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What is a Dealer Bond?

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  • Written By: Josie Myers
  • Edited By: Bronwyn Harris
  • Last Modified Date: 08 December 2016
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    Conjecture Corporation
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An automotive dealer bond is a type of surety bond. It guarantees that an automotive dealer will operate within the terms of the state including consumer protection laws and payment of tax. It can sometimes also be called a motor vehicle dealer (MVD) bond, Department of Motor Vehicle (DMV) bond, motor vehicle bond, or auto dealer bond. When working within a specific industry, it can be called a used car dealer bond, recreational vehicle (RV) dealer bond, or motorcycle dealer bond.

In general, a surety bond in is an agreement between three parties. These kinds of bonds ensure that a given person will perform their duties as required by law. If they do not, the surety pays out any financial damages to the buyer.

The three parties are called the principal, obligee, and surety. The principal is the primary party, in this case the automotive dealer. The obligee is the one who receives a service, or the car buyer. The surety ensures that the principal delivers on their obligations to the obligee. For the dealer bond, the surety makes sure that the automotive dealer works under state and local laws in the sale of a vehicle.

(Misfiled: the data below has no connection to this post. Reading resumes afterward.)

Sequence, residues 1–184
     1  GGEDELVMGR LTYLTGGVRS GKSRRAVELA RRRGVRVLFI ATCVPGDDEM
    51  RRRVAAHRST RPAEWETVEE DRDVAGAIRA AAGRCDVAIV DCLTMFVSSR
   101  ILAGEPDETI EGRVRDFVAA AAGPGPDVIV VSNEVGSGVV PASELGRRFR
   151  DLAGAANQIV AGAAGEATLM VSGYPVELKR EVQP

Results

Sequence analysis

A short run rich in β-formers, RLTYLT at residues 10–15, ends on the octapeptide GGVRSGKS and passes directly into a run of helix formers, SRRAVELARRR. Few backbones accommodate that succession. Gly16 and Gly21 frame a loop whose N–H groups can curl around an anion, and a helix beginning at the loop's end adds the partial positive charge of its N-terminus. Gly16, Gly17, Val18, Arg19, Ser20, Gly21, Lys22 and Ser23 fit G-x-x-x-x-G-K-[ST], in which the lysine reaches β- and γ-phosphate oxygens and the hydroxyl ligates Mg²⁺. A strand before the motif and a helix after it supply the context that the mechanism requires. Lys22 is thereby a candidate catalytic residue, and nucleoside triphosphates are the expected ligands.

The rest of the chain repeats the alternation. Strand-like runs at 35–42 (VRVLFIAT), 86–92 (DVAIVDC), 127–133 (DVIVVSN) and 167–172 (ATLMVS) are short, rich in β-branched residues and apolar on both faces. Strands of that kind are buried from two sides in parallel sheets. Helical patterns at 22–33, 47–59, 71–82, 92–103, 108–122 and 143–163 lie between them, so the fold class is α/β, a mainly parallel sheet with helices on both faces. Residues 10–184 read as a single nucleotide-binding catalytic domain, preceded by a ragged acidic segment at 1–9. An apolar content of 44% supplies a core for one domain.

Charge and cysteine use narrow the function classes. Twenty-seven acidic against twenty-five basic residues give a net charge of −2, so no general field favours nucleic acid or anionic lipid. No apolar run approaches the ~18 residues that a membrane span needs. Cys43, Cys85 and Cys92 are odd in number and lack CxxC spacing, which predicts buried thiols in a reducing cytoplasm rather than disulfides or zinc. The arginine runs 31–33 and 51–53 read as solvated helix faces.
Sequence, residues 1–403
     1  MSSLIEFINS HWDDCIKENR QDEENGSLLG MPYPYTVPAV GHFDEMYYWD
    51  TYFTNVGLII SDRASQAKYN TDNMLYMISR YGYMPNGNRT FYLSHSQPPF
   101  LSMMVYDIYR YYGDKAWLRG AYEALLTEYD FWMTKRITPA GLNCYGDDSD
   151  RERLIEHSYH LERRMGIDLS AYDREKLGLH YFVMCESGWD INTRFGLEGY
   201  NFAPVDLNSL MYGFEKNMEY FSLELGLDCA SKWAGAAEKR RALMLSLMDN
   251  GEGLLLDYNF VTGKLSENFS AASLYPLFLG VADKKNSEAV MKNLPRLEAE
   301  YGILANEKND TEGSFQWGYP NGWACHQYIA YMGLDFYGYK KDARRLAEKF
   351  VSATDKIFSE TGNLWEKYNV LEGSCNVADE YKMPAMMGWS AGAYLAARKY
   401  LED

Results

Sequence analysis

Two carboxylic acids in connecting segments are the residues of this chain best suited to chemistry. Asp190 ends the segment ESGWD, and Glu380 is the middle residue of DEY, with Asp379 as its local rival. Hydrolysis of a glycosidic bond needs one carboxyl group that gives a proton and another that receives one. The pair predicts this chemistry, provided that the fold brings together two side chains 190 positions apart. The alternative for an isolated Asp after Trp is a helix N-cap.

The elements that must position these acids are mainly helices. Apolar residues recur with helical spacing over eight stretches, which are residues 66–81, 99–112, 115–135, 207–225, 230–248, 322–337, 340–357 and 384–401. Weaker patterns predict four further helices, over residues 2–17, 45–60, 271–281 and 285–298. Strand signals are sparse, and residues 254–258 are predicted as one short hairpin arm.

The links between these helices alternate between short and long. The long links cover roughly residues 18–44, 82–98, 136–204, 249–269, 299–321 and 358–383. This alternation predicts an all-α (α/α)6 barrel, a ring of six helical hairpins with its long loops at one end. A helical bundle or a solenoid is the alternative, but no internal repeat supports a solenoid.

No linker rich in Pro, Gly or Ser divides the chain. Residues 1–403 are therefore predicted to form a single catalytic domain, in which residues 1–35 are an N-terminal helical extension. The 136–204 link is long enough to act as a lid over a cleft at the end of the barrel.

Basically, automotive dealers must comply with the laws. If they do not, the dealer bond covers the expenses incurred. A dealer bond does not protect the dealer, but rather protects the buyer.

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All auto dealer bonds have a set penal sum. This sum tells the maximum amount of money that the surety will pay out in case the principal defaults. This protects the surety from paying out an exorbitant amount of money in case the dealer defaults on their obligations.

Much like insurance, a dealer pays a premium in exchange for the surety to protect their customers. This premium amount is based on the track record of the dealer and the risk that the surety is taking in exchange. Bond holders have become increasingly scrutinizing of automotive dealers, and so costs have risen. Those dealers who are more risky still have bond options, but they will be significantly more expensive than dealers who have routinely met their obligations.

In the case of a claim, it will be fully investigated. If that claim is found to be valid, the surety pays the obligated amount to the buyer up to the amount of the penal sum. The principal must reimburse the surety along with any additional legal fees. Regular claims will make the dealer less appealing for bond companies.

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